Anybody use silk sock liners? Given that silk underwear works great for the rest of the body, silk sock - and glove - liners would probably make a huge difference.

BikeInMN 11-11-03 07:19 AM

Quote:

Originally Posted by Jay H
I've seen those chemical warmers, however, most of them are disposable. (like we really need more disposable items in this world...not!) and though they can be reused a bit if you seal them from the air ASAP, would you be able to use those gel things you see in department stores like Macy's etc that are made to be used as a heat pad. Stick them in a microwave and they'll retain heat for a long time. I've seen them as eye masks and stuff in Cosmetic stores too but they might make something that may be adaptable to put in gloves/mittens rather than using throwaway chemical packs...

Jay


One of the guys I ride with races 24 hour endurance events and trains 30+ hours a week all winter long. He uses these Hotronic feetwarmers
They're expensive but those combined with a winter mountain-bike boot allows him to train in temperatures as low as 20 below zero.

Bikedud 11-11-03 08:08 AM

Quote:

Originally Posted by TrekRider
Anybody use silk sock liners? Given that silk underwear works great for the rest of the body, silk sock - and glove - liners would probably make a huge difference.

I use both silk and polypropolene (sp?) under good wool socks. There's nothing worse than wet feet when it's cold and both do a good job of wicking the moisture away from the feet and into the wool.

ZooKid 11-11-03 09:47 AM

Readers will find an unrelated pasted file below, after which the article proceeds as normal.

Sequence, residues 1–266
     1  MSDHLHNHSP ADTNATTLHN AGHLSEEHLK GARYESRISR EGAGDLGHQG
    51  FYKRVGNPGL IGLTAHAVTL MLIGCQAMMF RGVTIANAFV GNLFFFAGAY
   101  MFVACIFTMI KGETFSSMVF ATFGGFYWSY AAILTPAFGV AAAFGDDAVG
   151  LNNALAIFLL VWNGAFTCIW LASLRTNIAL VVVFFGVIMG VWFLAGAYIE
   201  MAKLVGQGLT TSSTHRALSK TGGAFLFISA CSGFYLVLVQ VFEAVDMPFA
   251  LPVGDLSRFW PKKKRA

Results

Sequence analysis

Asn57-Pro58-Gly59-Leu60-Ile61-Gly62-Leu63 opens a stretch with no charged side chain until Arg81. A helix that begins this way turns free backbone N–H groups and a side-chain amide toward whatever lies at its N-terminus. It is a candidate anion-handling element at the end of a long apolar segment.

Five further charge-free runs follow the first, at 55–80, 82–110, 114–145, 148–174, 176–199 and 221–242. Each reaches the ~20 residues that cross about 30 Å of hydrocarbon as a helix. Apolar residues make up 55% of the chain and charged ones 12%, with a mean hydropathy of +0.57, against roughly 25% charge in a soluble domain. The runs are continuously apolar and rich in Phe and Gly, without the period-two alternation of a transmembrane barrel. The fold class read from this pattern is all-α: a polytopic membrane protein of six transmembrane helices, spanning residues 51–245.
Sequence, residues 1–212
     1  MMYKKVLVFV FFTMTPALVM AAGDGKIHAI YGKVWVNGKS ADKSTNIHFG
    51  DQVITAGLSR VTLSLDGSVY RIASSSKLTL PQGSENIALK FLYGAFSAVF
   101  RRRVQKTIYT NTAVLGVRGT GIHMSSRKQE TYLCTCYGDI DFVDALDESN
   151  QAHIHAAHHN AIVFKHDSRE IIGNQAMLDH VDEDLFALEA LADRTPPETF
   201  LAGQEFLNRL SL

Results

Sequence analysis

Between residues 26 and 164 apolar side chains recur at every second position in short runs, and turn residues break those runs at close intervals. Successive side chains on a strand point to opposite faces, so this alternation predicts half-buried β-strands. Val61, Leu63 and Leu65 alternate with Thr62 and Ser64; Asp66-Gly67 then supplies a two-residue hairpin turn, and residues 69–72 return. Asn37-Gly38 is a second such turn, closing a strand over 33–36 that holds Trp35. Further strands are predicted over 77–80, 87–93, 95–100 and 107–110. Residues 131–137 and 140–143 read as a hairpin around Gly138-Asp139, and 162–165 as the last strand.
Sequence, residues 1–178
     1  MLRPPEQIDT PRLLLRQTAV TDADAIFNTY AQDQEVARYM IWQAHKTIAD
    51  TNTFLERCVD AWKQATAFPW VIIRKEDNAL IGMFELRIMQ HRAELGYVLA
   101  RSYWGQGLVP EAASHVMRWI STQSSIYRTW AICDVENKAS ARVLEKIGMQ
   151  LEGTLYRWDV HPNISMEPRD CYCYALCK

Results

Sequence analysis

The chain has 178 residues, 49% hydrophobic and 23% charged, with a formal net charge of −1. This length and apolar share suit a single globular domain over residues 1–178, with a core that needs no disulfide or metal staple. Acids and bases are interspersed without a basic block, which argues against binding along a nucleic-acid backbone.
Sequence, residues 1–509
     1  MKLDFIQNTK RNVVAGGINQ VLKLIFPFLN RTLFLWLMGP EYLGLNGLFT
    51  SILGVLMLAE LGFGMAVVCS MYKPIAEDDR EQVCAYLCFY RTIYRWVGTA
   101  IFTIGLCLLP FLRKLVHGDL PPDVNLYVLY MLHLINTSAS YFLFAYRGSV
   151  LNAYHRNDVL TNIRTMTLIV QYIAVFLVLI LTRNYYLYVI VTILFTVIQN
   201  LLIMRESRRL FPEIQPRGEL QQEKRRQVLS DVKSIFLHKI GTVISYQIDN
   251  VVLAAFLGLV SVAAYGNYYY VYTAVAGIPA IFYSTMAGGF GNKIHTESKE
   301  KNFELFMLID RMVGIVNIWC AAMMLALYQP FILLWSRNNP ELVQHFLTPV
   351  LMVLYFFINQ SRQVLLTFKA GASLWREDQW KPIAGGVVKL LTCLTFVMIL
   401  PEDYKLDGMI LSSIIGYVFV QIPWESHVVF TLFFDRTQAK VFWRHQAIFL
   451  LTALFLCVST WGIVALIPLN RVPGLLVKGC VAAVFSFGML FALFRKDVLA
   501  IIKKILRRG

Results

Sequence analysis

Quote:

Originally Posted by BikeInMN
Grabber Toe Warmers Link

You can get them at just about any sporting goods store, even some gas stations if you live where the climate isn't real cooperative.

WOW! 100 degrees! TOASTY!

ZK

roadfix 11-11-03 02:23 PM

Just do what the traditional pros do......simply wrap your toes in a small piece of plastic baggie over your socks and slip into your shoes.

TrekRider 11-11-03 02:41 PM

I did the sandwich baggie thing this morning and it worked great! I started out when the air temp was 38, but wind chill was 31. I put a baggie over my foot, then a pair of smart wool socks, the rest of my gear, and off I went. No problem whatsoever!

Wouldn't say it was "warm and toasty" but my feet certainly were not cold. They felt like they normally do when riding in the summer.

gbenth 11-12-03 12:19 PM

I'm using sandels down to about 20 deg., then I quit ridding, 1,2,3 layers topped with a pair of Gortex socks. I ride with a short pair of coolmax socks most of the time then start adding layers, wool or fleece as it feels colder and put on the Gortex layer if it is wet or windy.

naisme 11-14-03 11:33 AM

I've heard about the sandal thing, I've not tried it yet. My solution is o apair of bulky snow boots and wool socks. Not the slimest, but damn close to being effective. My feet still get cold, but it more becasue of lack of blood than actual temps. I need to get off and stamp the blood back into them.

GotBent 11-14-03 09:16 PM

Quote:

Originally Posted by TrekRider
Last year I bought a pair of Specialized winter riding gloves - can't remember the model number - but them suckers is HOT! I wore them yesterday when it was about 40 degrees and a cold wind blowing, and my hands were sweating.

These work well too:

http://www.landsend.com/cd/fp/prod/0...96298678140030

GotBent